Out of nearly a million Ukrainians who had been called into the armed forces, he added, only a tiny fraction were actually fighting on the front line.
“We need a different approach, in particular, to rotation,” he said. “A different approach to mobilization and recruitment. All of this will give more respect to the soldier. And it will return clarity to the war.”
Still, Zelensky’s decision to remove Zaluzhniy bears political as well as military weight.
The 50-year-old general became a national hero during the early months of the war, when Ukraine repelled the Russian assault on the capital, Kyiv, and went on to reclaim about half the territory that Russia had occupied. While trust in Zelensky fell to 62% in a December poll, Zaluzhniy remains hugely popular, with 88% of Ukrainians saying they trusted the general. Soldiers credit him for efforts to overhaul the military and expunge its Soviet legacy by placing more emphasis on individual soldiers and junior officers.
“There is a lot of trust in Zaluzhniy, and in such times, trust is very valuable,” said a 33-year-old Ukrainian intelligence officer. He also said it appeared there was an effort to hang blame for the failed counteroffensive on Zaluzhniy.
Criticism of Zaluzhniy’s ouster was muted in the immediate aftermath of the announcement, with many of Zelensky’s political rivals instead highlighting the role the general played early in the invasion, when many had expected the Ukrainian army to quickly fold.
“In many ways, thanks to you, Ukrainians truly believed in our armed forces, which today enjoy the greatest trust of society,” Vitali Klitschko, the mayor of Kyiv who has at times been openly critical of Zelensky, wrote on social media. He added that he hoped authorities would offer a good explanation for the changes being made.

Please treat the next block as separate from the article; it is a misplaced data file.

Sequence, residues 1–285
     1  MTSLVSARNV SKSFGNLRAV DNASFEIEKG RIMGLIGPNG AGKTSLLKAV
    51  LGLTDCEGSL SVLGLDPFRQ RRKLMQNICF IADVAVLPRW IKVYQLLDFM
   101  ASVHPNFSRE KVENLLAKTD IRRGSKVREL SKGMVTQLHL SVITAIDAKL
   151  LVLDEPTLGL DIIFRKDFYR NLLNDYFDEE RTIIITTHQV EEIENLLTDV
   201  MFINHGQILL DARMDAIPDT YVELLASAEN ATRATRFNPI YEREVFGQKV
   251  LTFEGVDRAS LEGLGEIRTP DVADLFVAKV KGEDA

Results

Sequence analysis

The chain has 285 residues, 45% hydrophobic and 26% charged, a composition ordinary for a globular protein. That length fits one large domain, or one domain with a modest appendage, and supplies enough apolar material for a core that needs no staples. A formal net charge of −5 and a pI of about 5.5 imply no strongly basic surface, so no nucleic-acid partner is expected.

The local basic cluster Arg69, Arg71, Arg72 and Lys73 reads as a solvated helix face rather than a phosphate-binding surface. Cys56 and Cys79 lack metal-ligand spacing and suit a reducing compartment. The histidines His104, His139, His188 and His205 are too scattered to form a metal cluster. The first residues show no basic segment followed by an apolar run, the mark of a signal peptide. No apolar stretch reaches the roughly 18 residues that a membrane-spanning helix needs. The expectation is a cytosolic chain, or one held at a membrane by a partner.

Zaluzhniy is also widely respected among Ukraine’s Western partners, having built close ties with his foreign counterparts over the first two years of the war.
On Wednesday, both American and North Atlantic Treaty Organization officials said a change in military leadership—which had been rumored for weeks—wouldn’t affect their cooperation with Ukraine.
“We’re going to continue to support both the Ukrainian government and the Ukrainian military,” Jake Sullivan, the U.S. national security adviser, said at a NATO summit on Wednesday.
Syrskiy, the incoming chief of the armed forces, has been serving as chief of Ukraine’s ground forces since 2019. At 58 years old, he completes daily workouts that would put younger soldiers to shame, according to another Ukrainian officer.
Trained in Soviet military academies, Syrskiy was heavily involved in the fighting in the eastern Donetsk region, following Moscow’s covert invasion in 2014.
Announcing Syrskiy’s new role, Zelensky called him “the most experienced Ukrainian commander,” and lauded him for his work in the defense of Kyiv early in the war and the lightning offensive in the northeastern Kharkiv region in 2022, which retook more than 1,000 square miles of territory from the Russians in just a few days.
“Ukraine is very lucky to have such a general,” Col. Gen. Mykhailo Koval, a senior Ukrainian commander on the eastern front, said in an interview last year. During the Kharkiv operation, he added, Syrskiy “found the weak points of the enemy,” cutting off Russian communications, which led soldiers to panic and flee, leaving behind many of their armored vehicles.
More recently, Syrskiy has been leading operations around the eastern city of Bakhmut—both its defense against a withering Russian assault last year, and then an effort to recapture territory around the city, which stalled out in the fall.
Some men fighting in the east have been critical of tactics, saying he was willing to sacrifice men for nominal strategic gains.
Oksana Grytsenko, Nikita Nikolaienko and Ievgeniia Sivorka contributed to this article.